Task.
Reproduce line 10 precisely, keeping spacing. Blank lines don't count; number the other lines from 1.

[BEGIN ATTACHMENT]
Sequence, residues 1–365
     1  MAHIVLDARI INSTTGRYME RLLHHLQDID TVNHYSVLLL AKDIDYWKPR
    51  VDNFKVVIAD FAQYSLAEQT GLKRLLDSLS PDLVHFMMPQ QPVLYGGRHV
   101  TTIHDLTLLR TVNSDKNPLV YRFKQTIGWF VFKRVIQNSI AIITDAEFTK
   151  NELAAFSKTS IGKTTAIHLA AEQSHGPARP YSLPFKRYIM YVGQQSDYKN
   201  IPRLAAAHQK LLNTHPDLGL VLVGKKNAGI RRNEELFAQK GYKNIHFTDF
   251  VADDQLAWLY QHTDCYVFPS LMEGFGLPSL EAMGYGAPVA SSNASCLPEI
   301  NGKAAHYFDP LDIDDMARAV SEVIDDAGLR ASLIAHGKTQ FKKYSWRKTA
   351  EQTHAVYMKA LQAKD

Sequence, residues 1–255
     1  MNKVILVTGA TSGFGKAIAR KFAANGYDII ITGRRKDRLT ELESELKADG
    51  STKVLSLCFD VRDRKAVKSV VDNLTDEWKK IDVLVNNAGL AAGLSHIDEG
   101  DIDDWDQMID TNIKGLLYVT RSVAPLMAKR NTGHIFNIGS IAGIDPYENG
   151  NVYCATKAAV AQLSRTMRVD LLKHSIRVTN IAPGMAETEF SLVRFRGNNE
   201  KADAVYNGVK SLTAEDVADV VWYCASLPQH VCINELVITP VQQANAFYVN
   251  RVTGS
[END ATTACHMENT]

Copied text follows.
Sequence, residues 1–255